New Malaysia can’t afford clock-watching civil servants
COMMENT | The civil service makes up the backbone of a nation. It is imperative for civil servants to develop a culture that will pave the way for a dedicated, efficient and ethical service, marking the beginning of a new era of public governance.
It is also the responsibility of the civil servants to serve the government of the day and help the government deliver its pledges to the people besides maintaining political neutrality.
Those sabotaging the implementation of government policies and non-performing civil servants must go, while those with lackadaisical and clock-watching attitude need to be retrained to upgrade their skills.
As we know, more than about half of the 1.7 million civil servants – one for every 19.2 Malaysians – are teachers and nurses, as well as police and military personnel.
Those in the civil service should put their hearts and souls into their work and be highly committed. Because even one bad apple can spoil the whole bunch.
If its officers are lacklustre and corrupt, then the road to the success of the government will be arduous. Good working relations between Putrajaya and civil servants is crucial for Malaysia to overcome challenges.
Furthermore, they should remain relevant in the current work environment, have a more innovative mentality and brush up on their English language competency.
For departments with service counters, the heads of departments should ensure that at least one Chinese- and Tamil-speaking officer is placed.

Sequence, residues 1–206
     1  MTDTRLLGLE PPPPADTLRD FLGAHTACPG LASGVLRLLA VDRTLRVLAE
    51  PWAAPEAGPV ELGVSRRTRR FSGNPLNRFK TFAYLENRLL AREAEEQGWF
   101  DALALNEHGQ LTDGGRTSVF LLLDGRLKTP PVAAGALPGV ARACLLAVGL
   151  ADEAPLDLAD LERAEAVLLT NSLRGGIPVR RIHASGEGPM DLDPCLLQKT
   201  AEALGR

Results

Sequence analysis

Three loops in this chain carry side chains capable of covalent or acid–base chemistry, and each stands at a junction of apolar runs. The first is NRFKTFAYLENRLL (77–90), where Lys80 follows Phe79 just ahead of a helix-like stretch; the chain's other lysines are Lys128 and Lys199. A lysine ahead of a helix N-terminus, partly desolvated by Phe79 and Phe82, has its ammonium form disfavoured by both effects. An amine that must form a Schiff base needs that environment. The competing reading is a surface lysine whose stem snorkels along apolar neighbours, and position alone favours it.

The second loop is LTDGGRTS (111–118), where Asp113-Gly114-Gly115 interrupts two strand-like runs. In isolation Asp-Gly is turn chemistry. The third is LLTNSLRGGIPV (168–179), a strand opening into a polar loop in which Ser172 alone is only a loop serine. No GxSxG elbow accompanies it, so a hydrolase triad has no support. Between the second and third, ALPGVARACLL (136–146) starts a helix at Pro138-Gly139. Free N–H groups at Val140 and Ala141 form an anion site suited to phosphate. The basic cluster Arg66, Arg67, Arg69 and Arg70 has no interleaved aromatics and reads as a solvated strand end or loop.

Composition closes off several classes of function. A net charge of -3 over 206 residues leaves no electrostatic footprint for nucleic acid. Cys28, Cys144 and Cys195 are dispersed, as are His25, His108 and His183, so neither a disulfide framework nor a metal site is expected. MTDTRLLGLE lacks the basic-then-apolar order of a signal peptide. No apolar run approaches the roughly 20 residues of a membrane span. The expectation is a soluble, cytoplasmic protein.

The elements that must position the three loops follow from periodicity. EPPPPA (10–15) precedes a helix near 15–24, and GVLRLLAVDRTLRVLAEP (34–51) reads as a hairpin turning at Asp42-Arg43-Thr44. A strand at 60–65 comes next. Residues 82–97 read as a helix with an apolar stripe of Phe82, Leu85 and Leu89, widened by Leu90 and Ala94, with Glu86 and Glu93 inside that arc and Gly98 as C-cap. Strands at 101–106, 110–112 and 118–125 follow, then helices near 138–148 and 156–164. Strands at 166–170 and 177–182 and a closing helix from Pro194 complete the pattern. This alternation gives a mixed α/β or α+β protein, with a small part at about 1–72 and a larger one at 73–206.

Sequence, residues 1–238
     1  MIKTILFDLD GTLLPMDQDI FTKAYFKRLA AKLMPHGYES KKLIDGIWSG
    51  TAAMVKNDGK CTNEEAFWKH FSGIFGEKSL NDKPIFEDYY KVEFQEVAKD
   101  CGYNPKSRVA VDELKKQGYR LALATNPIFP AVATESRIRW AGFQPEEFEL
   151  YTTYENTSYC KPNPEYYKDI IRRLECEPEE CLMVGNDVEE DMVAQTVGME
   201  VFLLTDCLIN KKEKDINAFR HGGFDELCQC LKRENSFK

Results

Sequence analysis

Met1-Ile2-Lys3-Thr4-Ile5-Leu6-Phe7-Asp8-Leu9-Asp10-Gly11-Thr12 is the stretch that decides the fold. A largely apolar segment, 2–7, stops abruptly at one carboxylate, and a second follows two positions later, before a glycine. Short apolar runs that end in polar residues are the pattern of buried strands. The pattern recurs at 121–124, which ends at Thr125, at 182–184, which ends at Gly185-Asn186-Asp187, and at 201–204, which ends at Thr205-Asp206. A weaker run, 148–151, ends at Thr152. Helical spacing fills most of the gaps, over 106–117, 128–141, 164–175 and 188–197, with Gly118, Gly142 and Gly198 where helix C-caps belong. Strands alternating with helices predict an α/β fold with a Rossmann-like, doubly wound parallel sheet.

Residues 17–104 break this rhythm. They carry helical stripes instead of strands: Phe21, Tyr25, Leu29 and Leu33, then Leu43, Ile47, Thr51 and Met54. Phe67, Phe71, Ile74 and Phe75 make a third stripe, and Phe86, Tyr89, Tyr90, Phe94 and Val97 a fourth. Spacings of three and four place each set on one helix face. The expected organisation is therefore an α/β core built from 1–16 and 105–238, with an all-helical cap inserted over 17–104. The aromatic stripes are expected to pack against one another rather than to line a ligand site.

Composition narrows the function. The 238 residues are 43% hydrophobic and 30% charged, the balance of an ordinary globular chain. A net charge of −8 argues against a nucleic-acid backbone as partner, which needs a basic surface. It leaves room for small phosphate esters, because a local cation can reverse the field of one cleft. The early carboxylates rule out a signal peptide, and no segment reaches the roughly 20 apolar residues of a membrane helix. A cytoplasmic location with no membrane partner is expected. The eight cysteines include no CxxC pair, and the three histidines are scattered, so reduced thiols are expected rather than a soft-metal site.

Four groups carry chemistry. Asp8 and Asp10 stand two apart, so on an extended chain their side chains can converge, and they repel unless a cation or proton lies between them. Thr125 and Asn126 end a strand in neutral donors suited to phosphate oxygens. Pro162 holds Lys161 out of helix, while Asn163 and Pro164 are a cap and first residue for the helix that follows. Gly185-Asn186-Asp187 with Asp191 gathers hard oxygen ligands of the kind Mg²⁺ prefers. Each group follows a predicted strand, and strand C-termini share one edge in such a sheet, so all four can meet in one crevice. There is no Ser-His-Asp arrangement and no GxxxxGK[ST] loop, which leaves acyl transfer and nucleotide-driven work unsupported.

We have the largest civil service relative to population in the world. For comparison as at 2017, the proportion of civil servants to the national population in other countries is 1 to 71.4 people in Singapore, 1:111 in Indonesia, 1:51 in South Korea, 1:110 in China, 1:29 in Japan, 1:85 in Russia and 1:119 in Britain.
Their pay, remuneration and pensions continue to soar, taking a big chunk from the country's national budget each year. The size of the civil service has grown too big and become worrisome for a very long time.
Recently, Prime Minister Dr Mahathir Mohamad said that the government was looking at the feasibility of privatising parts of the public sector in a bid to address its bloated size.
The downscaling of the civil service can be seen as a measure to reduce the financial burden while improving efficiency and quality of work, stimulating economic growth and improving the effective distribution of resources.
The government will not be sacking these civil servants, but transferring them to new corporate entities.
Meanwhile, the flexi-working hours, which allow for a balance between working hours and family time for government employees, are also intended to standardise the four types of staggered working hours. They just need to have nine hours clocked in to complete one working day.
Last year, the government axed 17,000 civil servants who were political appointees and contract officers of the previous government in a bid to reduce government spending.
Civil servants must continuously re-engineer and reinvent themselves with the focus on giving the best service to the public. They must be sensitive to all public e-mails, answer calls and complaints. They should be apolitical and do their best to serve the people.
Civil servants should walk the extra mile and strive towards achieving a graft-free civil service. Every government servant plays a special role in providing hope. Hence, it is vital for them to be subservient to the government.
Efforts should be made continuously through enforcement of regulations, instilling integrity and ethical values. Malaysia’s civil service – once highly regarded around the world – must regain its lost reputation.
M VIVEK served as an aide to several former MIC deputy ministers.
The views expressed here are those of the author/contributor and do not necessarily represent the views of Malaysiakini.